Tar Heels, Wolfpack elevate baseball rivalry

Published on NewsOK Modified: February 21, 2014 at 5:32 pm •  Published: February 21, 2014
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RALEIGH, N.C. (AP) — North Carolina and North Carolina State are doing their best to make their longtime baseball rivalry more than just a regional affair.

They met in an 18-inning game in last year's Atlantic Coast Conference tournament that drew the biggest crowd for a college baseball game in state history, then met not once but twice in the College World Series a few weeks later.

Now the programs separated by about a 30-minute drive enter the 2014 season among the nation's top-ranked teams — and they'd love to have another rendezvous on the sport's biggest stage.

"It was like kind of the perfect storm to highlight hopefully both programs and our league and college baseball in this area," Tar Heels coach Mike Fox said, "and just give it a big push forward."

The Tar Heels have been to the College World Series six times in the past eight seasons. Elliott Avent's Wolfpack made it there last year for the first time since the program's only other appearance in 1968.

They ended up in the same bracket, with the Wolfpack beating the Tar Heels 8-1 in the opener before the Tar Heels ended the Wolfpack's season with a 7-0 win in an elimination game before falling to eventual champion UCLA.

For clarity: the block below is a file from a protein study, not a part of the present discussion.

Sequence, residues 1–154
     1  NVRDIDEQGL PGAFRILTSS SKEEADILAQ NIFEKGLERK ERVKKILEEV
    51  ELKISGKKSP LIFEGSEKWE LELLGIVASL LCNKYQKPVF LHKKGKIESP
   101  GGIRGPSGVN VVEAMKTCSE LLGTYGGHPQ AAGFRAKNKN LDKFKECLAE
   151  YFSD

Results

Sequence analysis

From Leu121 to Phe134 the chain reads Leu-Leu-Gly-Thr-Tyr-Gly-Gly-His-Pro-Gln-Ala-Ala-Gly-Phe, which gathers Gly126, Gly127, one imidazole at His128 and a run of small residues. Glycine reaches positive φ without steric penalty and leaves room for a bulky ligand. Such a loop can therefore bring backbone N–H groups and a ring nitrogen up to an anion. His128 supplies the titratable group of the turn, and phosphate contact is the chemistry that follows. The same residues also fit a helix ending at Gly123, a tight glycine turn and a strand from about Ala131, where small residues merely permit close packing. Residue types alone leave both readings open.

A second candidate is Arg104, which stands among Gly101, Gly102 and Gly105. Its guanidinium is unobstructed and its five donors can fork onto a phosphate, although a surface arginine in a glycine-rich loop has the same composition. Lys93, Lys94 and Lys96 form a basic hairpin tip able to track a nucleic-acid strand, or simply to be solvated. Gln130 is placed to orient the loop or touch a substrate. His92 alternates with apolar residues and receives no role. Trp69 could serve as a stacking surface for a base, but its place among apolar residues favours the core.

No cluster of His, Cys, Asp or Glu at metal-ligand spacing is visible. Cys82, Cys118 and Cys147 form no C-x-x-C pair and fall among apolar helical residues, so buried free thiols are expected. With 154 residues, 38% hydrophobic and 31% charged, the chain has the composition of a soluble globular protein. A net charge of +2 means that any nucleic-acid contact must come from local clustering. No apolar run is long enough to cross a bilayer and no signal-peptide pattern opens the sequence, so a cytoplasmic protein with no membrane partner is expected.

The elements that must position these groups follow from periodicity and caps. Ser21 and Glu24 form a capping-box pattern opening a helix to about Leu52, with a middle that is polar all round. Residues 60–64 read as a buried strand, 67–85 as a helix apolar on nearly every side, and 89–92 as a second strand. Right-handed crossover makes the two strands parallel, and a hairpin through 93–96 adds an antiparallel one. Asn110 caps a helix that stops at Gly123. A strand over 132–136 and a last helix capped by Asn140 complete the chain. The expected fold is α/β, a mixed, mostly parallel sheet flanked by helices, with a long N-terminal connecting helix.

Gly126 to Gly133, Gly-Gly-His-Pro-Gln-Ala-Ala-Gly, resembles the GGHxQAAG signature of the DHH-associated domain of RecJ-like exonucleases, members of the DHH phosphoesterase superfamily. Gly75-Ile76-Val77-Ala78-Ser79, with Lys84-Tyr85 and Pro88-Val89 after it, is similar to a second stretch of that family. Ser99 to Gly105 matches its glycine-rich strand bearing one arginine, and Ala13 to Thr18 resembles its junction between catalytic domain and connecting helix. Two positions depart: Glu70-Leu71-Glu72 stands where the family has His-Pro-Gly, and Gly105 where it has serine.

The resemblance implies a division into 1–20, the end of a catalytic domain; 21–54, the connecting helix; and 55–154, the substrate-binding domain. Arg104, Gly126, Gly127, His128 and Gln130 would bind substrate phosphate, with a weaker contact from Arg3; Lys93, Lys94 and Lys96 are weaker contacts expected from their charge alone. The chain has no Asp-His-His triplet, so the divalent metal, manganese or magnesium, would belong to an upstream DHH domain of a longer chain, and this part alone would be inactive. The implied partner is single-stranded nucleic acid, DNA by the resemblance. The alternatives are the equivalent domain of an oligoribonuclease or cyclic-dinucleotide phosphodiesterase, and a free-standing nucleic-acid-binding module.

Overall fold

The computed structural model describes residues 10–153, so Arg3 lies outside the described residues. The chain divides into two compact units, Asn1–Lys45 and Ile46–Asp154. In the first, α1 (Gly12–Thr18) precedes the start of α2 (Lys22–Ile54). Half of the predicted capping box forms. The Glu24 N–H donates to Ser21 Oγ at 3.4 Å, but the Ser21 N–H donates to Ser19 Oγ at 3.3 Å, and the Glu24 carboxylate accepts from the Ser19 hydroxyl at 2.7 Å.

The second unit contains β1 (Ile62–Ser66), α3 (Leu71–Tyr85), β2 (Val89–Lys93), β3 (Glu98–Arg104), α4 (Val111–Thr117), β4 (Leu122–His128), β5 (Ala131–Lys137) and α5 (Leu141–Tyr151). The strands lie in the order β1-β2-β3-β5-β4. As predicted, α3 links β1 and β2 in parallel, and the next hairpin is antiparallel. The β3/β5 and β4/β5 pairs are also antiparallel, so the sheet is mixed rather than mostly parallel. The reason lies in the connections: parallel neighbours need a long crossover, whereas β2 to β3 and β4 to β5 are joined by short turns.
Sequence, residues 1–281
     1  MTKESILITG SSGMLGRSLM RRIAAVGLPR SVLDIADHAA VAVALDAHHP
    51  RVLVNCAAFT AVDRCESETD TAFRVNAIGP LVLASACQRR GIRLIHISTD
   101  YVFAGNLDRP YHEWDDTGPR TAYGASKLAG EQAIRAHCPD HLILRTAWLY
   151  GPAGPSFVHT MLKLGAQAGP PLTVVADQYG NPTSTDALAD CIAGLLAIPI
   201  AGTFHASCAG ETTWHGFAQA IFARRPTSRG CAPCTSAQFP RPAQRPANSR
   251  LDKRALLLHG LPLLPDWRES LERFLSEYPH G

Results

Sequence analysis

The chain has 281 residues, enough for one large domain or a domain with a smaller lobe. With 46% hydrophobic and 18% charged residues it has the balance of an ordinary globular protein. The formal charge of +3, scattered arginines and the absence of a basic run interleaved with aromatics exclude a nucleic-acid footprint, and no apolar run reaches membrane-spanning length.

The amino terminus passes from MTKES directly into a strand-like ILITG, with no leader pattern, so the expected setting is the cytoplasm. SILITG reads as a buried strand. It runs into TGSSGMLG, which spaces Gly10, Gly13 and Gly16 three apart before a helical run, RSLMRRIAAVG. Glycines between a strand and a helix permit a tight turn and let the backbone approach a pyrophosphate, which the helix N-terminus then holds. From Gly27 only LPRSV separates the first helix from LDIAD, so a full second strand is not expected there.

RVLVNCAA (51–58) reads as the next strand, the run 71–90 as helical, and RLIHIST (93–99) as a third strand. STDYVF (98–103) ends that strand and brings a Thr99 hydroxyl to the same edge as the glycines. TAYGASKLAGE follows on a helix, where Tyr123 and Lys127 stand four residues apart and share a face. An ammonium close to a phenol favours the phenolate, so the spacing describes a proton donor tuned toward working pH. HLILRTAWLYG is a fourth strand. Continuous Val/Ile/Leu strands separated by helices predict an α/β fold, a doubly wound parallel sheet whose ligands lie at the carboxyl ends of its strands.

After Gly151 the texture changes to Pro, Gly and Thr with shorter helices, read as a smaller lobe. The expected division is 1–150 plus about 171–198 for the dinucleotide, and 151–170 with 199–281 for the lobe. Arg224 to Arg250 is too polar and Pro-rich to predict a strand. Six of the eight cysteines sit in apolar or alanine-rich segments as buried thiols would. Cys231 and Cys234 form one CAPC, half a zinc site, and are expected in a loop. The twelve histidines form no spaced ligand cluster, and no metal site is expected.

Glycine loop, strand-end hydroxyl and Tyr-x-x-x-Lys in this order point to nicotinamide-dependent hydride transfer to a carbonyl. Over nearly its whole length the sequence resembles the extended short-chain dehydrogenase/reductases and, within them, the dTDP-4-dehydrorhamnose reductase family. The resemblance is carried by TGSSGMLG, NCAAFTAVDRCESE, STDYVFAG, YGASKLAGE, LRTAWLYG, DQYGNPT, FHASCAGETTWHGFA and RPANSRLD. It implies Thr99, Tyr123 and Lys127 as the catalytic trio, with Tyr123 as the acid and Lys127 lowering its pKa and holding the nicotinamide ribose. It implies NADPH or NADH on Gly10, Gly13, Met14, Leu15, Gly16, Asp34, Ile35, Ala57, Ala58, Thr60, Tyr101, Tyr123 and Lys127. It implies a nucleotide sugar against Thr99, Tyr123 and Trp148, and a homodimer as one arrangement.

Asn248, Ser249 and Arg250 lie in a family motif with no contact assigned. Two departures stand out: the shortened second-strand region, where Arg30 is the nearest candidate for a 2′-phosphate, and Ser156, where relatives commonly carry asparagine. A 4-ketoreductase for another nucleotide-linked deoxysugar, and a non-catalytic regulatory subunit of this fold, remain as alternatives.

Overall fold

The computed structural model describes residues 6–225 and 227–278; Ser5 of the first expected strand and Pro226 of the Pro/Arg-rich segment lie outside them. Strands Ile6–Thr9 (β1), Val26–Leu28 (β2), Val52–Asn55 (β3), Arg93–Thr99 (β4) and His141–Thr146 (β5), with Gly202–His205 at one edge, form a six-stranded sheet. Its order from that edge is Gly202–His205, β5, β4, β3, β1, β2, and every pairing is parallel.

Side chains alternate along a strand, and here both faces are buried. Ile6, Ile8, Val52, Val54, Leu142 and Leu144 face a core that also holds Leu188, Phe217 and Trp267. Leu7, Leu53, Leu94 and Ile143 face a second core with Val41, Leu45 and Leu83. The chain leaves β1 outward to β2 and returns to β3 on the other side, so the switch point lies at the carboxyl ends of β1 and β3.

Both teams expect to play deep into June again.

N.C. State was ranked No. 5 in the preseason by Baseball America and boasts the publication's choice for the nation's top pitcher in Carlos Rodon and the top position player in Trea Turner.

During the team's preseason media day earlier this month, Avent — now in his 18th season — talked about the possibility of topping last year's run with "a parade in Raleigh sometime in July." Rodon said he thought it would be "pretty much a failure of a season" if the team doesn't make it back to Omaha, Neb.

"We think we have enough veterans and enough leaders where at the end, if we can get a little bit of luck — you always need a little bit of luck — then hopefully we can get back there," Avent said. "If we get back there, we expect a different outcome."



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